When last we heard from Rodney Wood — via 2010's Symbiosis show at Rubbish and Modbo galleries — he was living in Ruidoso, N.M. That, after a few years in Santa Fe, where he moved after a long stretch as an artistic leader in Colorado Springs.
Wood believes he's moved 48 times in his adult life.
He's only 61.
And yet if you're looking for the inspiration behind Galerie Vivant, which will unfold in Colorado Springs this weekend, much of it came from dropping into a whole set of places Wood had never seen before.
For 115 days in 2010, Wood and his longtime partner, Susan Palmer, set out to find unknown artists. They were looking for people who worked away at their pieces with no thought of money or sales, people simply compelled to create.
The pair also sought out-of-the way museums, and stopped at any quirky place en route. For instance, a ventriloquist museum in Kentucky.
"A lot of the new pieces were inspired by that trip — stuff we saw, people we met," Wood says.
It was in one of these museums where Wood learned of a concept called tableau vivant, an event held in the 1800s that went beyond just discussing art. It struck a chord: After attending an art opening in which an opera singer was performing to accompany each work, he had wanted a new way of unveiling his shows.
Inspired, he developed Galerie Vivant. The performances at Millibo Art Theater will include music, belly dancing and other art forms revealing the paintings' roots.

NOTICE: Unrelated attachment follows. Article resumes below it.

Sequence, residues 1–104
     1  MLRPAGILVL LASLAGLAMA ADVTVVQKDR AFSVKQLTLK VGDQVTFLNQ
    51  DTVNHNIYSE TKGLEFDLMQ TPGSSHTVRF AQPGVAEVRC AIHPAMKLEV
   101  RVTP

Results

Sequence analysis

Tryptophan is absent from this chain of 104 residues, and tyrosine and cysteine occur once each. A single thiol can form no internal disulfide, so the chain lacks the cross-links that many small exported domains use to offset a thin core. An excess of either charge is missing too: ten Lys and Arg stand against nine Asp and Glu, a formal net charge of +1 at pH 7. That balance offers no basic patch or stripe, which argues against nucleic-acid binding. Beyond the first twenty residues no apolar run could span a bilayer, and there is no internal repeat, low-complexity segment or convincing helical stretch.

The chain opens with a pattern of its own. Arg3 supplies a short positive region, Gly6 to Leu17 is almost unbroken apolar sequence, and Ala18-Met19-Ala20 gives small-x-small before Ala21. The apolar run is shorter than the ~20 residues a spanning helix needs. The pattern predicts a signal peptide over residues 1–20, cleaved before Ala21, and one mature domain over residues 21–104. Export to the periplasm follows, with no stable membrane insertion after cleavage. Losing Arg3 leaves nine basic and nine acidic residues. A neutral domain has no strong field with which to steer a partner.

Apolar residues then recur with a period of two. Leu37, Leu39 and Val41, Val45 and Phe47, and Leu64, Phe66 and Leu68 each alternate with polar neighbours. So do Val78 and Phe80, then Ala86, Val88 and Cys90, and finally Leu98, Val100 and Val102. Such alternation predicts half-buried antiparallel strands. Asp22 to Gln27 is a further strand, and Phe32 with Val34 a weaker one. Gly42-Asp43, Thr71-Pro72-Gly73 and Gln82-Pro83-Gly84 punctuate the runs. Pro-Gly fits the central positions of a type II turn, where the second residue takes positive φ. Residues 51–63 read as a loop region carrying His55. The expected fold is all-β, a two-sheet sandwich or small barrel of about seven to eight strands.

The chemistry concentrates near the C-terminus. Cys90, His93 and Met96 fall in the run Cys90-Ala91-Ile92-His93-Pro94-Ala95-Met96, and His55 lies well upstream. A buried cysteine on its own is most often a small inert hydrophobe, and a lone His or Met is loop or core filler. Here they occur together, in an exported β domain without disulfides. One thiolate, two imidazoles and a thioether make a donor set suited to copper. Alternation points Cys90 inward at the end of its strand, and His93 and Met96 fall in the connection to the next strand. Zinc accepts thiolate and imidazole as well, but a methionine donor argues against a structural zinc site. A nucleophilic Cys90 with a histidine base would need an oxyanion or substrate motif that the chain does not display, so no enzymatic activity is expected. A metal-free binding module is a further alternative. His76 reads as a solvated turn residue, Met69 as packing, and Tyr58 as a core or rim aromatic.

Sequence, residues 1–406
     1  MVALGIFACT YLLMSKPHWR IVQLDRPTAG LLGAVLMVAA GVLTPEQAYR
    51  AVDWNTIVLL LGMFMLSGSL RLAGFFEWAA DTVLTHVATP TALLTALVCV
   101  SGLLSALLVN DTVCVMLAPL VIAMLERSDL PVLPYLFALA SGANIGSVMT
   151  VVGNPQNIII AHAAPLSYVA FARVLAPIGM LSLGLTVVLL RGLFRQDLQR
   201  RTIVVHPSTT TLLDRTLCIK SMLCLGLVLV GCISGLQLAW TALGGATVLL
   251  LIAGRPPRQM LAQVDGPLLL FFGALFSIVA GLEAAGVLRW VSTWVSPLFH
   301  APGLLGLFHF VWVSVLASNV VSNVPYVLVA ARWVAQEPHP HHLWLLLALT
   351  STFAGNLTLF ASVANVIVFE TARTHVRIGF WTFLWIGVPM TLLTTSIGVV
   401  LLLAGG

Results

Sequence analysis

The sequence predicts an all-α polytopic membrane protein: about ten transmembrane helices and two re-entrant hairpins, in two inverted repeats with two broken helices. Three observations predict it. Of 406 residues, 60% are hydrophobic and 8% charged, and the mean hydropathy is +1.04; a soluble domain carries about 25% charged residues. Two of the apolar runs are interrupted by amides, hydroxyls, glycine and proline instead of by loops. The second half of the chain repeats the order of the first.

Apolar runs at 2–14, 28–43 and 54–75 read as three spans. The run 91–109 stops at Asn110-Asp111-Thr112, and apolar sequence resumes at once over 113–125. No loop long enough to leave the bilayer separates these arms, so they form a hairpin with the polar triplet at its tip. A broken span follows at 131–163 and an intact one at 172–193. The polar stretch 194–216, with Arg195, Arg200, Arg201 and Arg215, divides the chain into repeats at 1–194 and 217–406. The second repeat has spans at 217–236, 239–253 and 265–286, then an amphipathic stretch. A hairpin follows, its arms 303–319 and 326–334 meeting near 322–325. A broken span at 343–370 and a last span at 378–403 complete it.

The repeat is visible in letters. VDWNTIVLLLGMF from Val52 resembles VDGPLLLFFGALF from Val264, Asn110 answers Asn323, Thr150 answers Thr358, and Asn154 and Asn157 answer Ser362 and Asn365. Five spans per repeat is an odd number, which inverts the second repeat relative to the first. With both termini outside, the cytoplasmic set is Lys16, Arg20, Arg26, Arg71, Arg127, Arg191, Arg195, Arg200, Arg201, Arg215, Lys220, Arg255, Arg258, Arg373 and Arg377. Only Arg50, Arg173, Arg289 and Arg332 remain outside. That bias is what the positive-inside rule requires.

One of those performing will be Lauren Andrus, pianist and co-owner of the Modbo and S.P.Q.R., where Wood's art will hang starting June 8. She's excited about this unique opportunity to collaborate with other arts organizations and for Wood's fans to experience his art this way. She knows it's popular because as of last week, half the tickets had already sold.
"People always ask Rodney what his inspiration is," she says, "and this is his very inventive answer to that question."
His paintings will reflect a change from the pieces in Symbiosis, which featured sometimes-dark works that he considered efforts in "symbolic realism." And they're certainly a far cry from the sculptures and photography he displayed — when not serving as mentor, gallery owner or Business of Art Center director — in the local arts community before leaving the Springs in 2006.
As for the place he lays his head now? Actually, Wood says he's found the perfect spot, in Trinidad. The city offers a diverse population and a sense of community, and his Main Street building includes everything he needs: a living space, a painting studio, a gallery. Though he's been there less than a year, Wood says he feels at home.